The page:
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The FCC threatens the freedom of the internet

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The Federal Communications Commision prepares to vote to destroy net neutrality, granting control of the internet to a powerful, greedy industry.

As a driving force behind much of the progress in the world today, the internet is a vast, limitless expanse of information that we all count on. But, there are certain aspects of the internet that we take for granted, aspects that we don’t fully appreciate the importance of until their existence is threatened, as it is now. On December 14, 2017, the Federal Communications Commission (FCC) will vote on whether or not to dismantle net neutrality, the rules that preserve the basic liberties that we have while using the internet. Net neutrality ensures that you can visit any website when you want, that your Internet Service Provider (ISP), like AT&T, Verizon, or Comcast, is not interfering with your data, and it prevents ISPs from regulating what websites you visit.

This is not the first time that net neutrality has been at risk; back in 2015 the FCC tried taking it away but activists were able to convince them against it, but now, a plan by Ajit Pai, the Chairman of the FCC, is being considered which would kill net neutrality. The preservation of net neutrality is in the best interest of all normal internet users, but it’s being contested by people who would profit off of more control of the internet. That includes the big phone and cable companies, as well as members of Congress who have received funding from the industry.


From a basic description of net neutrality, it can be difficult to understand how its absence will affect each and every person as an individual. In order to see what’s lost if net neutrality is taken away, you need to consider the motives of the groups threatening it. To put it simply, ISPs want to remove net neutrality and to gain control over the internet because it will allow them to make much, much more money. As a result, without net neutrality, you might see video streaming services that rival those owned by your ISP getting slowed down or blocked, while the websites owned by your ISP would be sped up. According to technology news site Wired, it’s also possible that having full, unlimited access to the internet as we now do will be limited to users who pay a subscription fee.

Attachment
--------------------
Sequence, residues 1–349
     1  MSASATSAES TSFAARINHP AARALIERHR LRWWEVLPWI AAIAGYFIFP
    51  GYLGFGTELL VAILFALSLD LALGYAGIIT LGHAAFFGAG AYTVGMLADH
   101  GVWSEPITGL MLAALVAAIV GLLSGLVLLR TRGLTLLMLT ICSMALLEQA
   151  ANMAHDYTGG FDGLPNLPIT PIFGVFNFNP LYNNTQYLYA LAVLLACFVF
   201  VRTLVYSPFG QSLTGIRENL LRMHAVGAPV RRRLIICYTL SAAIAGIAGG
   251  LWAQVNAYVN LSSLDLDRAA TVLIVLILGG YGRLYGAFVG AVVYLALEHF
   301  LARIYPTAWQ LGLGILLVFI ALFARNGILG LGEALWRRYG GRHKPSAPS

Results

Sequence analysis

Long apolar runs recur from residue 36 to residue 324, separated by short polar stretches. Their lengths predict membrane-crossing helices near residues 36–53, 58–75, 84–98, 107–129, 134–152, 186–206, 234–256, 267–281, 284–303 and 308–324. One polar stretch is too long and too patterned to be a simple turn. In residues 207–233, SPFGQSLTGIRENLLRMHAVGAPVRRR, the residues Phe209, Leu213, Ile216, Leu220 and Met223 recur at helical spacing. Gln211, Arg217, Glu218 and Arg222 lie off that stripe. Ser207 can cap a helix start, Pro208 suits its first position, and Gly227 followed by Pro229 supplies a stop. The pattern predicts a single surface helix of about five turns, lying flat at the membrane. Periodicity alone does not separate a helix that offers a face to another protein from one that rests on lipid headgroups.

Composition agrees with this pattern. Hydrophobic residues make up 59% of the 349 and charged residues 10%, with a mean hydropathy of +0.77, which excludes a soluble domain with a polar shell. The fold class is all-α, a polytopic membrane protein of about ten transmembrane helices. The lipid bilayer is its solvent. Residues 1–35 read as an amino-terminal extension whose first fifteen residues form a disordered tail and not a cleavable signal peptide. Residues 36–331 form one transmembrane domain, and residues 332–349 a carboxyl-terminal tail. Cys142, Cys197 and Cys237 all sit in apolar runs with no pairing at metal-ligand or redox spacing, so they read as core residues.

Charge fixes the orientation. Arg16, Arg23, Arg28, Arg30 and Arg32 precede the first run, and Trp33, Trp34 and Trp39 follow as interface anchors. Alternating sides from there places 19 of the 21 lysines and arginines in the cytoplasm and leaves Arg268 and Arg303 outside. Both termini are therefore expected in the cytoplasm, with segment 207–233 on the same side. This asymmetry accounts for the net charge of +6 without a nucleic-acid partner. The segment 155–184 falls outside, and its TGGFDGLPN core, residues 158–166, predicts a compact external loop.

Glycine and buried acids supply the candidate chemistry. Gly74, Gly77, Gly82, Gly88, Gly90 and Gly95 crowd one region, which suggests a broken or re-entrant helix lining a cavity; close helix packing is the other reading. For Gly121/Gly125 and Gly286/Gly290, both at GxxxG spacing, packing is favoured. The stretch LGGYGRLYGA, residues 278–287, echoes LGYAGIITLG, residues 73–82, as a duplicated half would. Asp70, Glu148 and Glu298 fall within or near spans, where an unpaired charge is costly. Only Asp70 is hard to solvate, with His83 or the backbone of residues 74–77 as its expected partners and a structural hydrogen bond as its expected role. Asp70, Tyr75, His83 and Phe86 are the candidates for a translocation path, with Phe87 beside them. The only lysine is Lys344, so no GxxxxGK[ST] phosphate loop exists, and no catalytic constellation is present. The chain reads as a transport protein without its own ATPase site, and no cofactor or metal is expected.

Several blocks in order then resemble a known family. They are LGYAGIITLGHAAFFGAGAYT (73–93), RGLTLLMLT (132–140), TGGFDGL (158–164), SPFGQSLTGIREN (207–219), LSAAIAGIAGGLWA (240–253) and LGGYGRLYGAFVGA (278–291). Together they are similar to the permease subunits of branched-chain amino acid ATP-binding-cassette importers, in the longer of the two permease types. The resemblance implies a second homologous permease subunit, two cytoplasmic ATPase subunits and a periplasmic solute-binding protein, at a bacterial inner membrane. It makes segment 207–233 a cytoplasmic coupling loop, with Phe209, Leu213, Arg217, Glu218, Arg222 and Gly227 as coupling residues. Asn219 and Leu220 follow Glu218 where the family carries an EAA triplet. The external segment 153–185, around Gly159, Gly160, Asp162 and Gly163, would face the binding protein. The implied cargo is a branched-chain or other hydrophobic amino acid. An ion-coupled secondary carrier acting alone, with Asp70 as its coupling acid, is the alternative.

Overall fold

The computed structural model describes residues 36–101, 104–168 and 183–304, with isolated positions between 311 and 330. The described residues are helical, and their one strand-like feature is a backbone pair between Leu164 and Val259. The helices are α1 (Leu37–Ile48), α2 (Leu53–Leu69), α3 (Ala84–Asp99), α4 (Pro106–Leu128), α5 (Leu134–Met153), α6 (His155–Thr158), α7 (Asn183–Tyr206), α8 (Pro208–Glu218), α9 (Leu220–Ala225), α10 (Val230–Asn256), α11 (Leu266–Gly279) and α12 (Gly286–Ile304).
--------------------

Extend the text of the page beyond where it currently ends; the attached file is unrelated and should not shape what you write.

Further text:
As a teenager, it’s easy to feel powerless against the massive industries that want to command the internet for profit, but our demographic has the potential to become very influential in the fight to retain net neutrality. Considering how connected our generation is to the internet, it’s important that all teenagers are aware of the liberties that they stand to lose if net neutrality is removed. We have the tools in our hands to spread the word about net neutrality, but the question that has many people scratching their heads is: “what can we do?”. According to Save the Internet, a site dedicated to informing people about the importance of this matter, the best method of action is to contact members of Congress to voice your opinions and to urge the FCC to drop their plan. It may seem like a lost cause, but enough people voicing their opinions to the government can have a lot of influence, and as teenagers, we can play a significant role in this. There are many options for those who would like to get involved, such as calling the offices of Ajit Pai, the Chairman of the organization trying to take away net neutrality, Richard Burr or Thom Tillis, NC Senators, and George Holding, a local representative.

Maintaining net neutrality is needed in keeping the internet open and free, and though it’s intimidating and seemingly hopeless standing up against the industry giants that want to strip the internet of its freedom, spreading the word and contacting the appropriate people can have a large impact. A society that appreciates and understands the values of its liberties should not passively accept the greedy control that the FCC wants to take. It is absolutely crucial that we do everything in our power to prevent the FCC from voting to destroy net neutrality.



Your turn: Is net neutrality an important issue to you? If so, how are you trying to help the cause?

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The Voice of Wakefield High School
The FCC threatens the freedom of the internet